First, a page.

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John Bouchard and Rick Wilcox are Alpinists who live not in Chamonix or Zermatt but in North Conway, N.H., where only the tallest mountain exceeds 6,000 feet. Such an area might seem to offer slim pickings for a couple of hot climbers like Bouchard and Wilcox, who between them have ascended such classic peaks as Mont Blanc, the Matterhorn, the Eiger (north and west faces), the Petit Dru, Mount Logan in Canada and assorted South American summits.
But while New Hampshire mountains may not be particularly altitudinous, they offer a number of routes that demand superior technical climbing, and Bouchard, Wilcox and others have been able to record first ascents on nearby cliffs that have already been climbed hundreds of times. Obviously, there can be only one first ascent of a mountain, but there are various routes to a given peak, and to be first up an unclimbed route is a gratifying accomplishment. Thus, the first first ascent of the Matterhorn was completed on July 14, 1865 by the Englishman Edward Whymper. And the second first ascent of the Matterhorn came three days later, credited to Jean-Antoine Carrel, who led a team from his native Italian side.
The objective of the original Alpinists was simply to claim an unclimbed peak, and in time, as the neighborhood became climbed out, a mountaineer had to travel farther and farther afield to bag a first ascent. Those who stayed behind, however, were not without sporting alternatives. Original ascents tended to follow the lines of least resistance. The next wave of climbers sought different routes, and inevitably these posed greater challenges.
Early ascents tend to be "aided" (accomplished with pitons, chocks, or bolts used as climbing aids rather than as points for protective belays); they are followed by attempts to climb "free," the climber using only natural holds and cracks, or making the ascent alone, or in winter. That is the usual progression of creditable first ascents. (From time to time nude ascents have been claimed, but that's silly.)
If multiple firsts seem to be a contrivance to keep the game going in perpetual overtime, they do allow succeeding climbers to knock off tougher and tougher climbs and thus get into the record book. But somewhere along the way, someone is bound to declare that finally the game is over, that the mountain's last climbable route has been conquered. Uh huh, and Dewey beats Truman.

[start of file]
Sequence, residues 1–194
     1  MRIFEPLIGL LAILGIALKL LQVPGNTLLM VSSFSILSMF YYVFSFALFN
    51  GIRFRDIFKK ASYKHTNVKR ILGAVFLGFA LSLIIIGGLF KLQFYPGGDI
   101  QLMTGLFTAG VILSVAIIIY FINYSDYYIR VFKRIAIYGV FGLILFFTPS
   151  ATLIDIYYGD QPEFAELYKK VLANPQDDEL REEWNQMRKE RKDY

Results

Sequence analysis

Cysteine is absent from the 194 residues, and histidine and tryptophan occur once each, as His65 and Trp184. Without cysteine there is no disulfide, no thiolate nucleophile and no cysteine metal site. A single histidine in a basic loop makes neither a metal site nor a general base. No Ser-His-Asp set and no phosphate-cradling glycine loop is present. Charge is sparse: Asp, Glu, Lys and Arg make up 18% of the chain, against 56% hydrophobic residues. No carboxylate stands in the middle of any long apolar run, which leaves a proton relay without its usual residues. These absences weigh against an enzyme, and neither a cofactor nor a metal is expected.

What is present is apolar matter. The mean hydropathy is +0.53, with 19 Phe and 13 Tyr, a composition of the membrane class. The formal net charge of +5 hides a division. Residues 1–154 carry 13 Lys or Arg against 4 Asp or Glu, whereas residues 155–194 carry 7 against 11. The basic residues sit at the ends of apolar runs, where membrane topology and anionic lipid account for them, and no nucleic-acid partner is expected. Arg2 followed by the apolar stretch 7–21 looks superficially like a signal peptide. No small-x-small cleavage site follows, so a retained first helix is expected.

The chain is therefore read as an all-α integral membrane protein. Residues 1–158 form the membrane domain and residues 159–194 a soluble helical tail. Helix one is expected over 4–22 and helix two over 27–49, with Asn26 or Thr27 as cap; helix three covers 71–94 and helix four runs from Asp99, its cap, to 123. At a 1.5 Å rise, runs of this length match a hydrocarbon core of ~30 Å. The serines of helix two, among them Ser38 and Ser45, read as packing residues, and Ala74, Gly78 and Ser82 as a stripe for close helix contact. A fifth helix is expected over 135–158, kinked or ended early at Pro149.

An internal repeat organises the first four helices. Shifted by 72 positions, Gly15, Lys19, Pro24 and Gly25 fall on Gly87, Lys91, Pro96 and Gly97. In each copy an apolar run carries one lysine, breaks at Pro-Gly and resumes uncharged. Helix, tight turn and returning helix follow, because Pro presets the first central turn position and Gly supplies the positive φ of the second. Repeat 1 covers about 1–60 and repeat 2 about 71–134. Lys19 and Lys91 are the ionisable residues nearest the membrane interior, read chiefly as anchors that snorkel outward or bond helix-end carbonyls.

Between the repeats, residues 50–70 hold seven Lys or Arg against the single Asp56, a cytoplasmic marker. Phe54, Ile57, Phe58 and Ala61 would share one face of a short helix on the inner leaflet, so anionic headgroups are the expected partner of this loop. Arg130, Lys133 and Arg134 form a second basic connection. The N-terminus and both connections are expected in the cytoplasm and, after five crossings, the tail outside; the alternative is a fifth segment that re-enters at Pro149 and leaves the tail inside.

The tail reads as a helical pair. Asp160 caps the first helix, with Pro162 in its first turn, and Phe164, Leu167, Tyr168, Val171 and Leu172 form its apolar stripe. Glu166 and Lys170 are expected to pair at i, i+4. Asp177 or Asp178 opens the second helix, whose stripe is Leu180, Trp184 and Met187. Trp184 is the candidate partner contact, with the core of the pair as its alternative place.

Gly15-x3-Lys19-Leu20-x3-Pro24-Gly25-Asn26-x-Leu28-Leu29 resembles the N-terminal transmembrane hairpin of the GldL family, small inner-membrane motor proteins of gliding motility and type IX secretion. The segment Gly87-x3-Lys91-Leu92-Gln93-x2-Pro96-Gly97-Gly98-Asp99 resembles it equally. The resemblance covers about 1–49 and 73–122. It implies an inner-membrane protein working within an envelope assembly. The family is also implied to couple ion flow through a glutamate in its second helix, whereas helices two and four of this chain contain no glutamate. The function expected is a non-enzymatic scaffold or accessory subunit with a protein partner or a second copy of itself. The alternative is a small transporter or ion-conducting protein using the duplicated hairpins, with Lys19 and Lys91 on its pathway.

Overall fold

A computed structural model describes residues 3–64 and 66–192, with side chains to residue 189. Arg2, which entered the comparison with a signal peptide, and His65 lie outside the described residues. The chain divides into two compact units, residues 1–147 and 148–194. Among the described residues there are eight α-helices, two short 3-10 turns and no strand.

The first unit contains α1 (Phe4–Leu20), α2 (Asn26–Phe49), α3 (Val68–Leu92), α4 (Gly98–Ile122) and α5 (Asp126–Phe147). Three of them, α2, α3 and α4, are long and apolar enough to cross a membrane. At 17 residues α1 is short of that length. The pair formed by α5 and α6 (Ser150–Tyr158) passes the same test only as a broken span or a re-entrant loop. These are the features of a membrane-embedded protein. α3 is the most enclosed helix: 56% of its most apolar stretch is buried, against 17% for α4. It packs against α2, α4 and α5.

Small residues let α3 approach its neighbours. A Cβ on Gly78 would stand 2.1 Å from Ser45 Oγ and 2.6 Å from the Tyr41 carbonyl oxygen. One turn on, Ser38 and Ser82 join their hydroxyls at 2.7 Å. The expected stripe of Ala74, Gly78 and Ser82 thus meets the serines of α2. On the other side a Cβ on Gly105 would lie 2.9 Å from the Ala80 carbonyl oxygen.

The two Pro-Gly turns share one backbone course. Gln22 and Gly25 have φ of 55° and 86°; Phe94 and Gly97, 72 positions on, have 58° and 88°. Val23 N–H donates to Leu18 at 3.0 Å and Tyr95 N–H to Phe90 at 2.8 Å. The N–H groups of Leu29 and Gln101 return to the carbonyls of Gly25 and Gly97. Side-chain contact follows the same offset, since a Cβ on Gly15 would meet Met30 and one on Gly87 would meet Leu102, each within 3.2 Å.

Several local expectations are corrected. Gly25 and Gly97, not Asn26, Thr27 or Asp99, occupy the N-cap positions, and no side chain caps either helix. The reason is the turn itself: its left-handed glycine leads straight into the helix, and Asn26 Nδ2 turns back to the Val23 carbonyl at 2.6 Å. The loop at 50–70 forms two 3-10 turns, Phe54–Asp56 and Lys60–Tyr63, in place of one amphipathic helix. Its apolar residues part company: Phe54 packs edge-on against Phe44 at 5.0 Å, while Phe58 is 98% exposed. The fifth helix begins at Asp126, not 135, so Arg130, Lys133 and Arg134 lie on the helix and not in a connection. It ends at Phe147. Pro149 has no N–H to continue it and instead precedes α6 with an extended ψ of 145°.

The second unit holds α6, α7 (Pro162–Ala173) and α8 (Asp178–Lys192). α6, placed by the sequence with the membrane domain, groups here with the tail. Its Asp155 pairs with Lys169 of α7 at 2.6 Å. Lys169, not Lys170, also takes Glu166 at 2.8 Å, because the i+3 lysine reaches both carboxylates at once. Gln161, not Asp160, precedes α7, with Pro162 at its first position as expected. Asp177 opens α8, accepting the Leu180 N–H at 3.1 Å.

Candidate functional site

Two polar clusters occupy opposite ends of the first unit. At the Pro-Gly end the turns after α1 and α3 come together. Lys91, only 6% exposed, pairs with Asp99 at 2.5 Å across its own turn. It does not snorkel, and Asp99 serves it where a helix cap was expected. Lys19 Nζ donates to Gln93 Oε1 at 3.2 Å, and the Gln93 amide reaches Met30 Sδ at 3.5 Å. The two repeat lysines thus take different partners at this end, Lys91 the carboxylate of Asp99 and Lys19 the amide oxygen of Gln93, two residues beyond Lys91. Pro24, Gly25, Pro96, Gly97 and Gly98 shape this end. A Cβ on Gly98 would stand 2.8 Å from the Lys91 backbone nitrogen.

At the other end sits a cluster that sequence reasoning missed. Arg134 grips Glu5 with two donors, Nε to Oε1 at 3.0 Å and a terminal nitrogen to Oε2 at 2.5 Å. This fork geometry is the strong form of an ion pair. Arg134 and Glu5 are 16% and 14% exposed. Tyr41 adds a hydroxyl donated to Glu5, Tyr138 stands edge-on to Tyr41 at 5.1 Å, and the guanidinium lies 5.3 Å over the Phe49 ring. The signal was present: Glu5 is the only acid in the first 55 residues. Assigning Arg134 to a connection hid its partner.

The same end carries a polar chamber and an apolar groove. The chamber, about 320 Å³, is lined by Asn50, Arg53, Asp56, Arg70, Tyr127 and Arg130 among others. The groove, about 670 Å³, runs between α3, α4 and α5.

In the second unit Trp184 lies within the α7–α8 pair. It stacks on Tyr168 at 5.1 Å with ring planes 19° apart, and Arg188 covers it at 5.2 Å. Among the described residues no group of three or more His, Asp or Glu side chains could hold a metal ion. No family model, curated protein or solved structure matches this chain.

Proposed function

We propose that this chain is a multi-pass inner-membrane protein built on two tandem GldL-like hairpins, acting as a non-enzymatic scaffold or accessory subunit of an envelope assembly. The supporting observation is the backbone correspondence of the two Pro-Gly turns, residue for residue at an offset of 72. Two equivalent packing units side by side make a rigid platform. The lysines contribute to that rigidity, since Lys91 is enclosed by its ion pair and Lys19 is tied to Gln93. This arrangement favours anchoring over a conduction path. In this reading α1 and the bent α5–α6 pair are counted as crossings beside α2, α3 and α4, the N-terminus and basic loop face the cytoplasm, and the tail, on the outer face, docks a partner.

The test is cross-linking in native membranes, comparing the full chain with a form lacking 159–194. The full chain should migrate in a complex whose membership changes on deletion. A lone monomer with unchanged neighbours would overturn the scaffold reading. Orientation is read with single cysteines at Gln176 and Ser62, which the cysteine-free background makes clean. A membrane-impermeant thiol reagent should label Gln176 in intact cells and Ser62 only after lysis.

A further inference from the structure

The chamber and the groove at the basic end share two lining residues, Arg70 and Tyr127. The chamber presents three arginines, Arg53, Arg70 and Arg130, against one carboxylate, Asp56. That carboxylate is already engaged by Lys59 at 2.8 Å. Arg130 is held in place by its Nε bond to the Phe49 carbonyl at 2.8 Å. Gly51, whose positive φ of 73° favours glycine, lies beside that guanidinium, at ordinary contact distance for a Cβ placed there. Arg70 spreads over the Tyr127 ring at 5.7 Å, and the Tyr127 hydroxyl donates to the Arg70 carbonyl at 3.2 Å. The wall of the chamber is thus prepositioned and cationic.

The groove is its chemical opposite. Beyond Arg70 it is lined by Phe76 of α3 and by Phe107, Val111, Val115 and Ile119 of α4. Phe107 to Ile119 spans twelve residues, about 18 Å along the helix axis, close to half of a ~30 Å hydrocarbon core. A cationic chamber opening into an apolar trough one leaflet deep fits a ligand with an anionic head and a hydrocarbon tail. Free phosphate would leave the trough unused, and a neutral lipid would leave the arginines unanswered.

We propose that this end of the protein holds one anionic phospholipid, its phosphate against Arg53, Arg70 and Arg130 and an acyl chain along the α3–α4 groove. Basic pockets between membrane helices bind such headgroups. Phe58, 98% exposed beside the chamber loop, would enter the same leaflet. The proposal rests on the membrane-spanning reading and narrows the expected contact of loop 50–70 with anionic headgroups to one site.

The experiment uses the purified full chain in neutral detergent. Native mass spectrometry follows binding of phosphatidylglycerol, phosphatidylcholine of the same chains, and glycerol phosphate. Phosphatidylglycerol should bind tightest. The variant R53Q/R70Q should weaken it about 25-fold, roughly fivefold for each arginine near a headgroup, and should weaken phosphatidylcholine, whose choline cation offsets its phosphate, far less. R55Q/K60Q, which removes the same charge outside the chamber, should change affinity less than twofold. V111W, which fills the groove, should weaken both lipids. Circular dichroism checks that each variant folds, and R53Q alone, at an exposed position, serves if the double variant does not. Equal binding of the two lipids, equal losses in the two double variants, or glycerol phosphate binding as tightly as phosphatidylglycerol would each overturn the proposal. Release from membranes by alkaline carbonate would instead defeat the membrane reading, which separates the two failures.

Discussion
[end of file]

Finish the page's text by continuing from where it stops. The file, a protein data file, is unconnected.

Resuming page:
It's easy to scale Cannon Mountain in Franconia Notch, N.H. It's only a hill climb, but if that's too strenuous, one can ride to the 4,180-foot summit via a tramway. One side of Cannon, however, presents a genuine test. The mountain's east face is a steep granite wall a mile and a half wide and a thousand feet high, the biggest rock cliffs in the East.
A modern guide to climbing the Cannon cliffs describes no fewer than 70 lines of varying difficulty. Many of these routes were established in the early 1970s, and the one ascended by Bouchard and Wilcox is a fine example of how the umpteenth first ascent of a comparatively modest cliff can be serious business. Bouchard and Wilcox went all the way, and they went in winter.
Bouchard, who is 28, scored his first notable climb in 1971, also on Cannon, as a 19-year-old home from school in France and under oath to his parents not to solo-climb. Promises, promises. But look, Ma, all he did was scale a little 600-foot ribbon of ice in a gully called Black Dike, which Yvon Chouinard had identified the year before as a great unconquered ice climb. That feat made Bouchard something of a Wunderkind, and he kept getting better.
Wilcox, 32, a prudent climber, didn't burst on the scene with Bouchard's flair, but he has made many valorous climbs, too, and has often worked as Bouchard's partner. The two make an effective team, Wilcox' conservative approach tempering Bouchard's explosive style. And they trust each other.
After 1971 several difficult climbs were added to the Cannon itinerary, and then Bouchard and Wilcox decided to up the ante by forcing a new route in winter, which hadn't been done before. To make sure the ascent would be truly significant, they picked a difficult Grade IV line, meaning they would have to spend one night on the cliff face. In January of 1974 they had at it.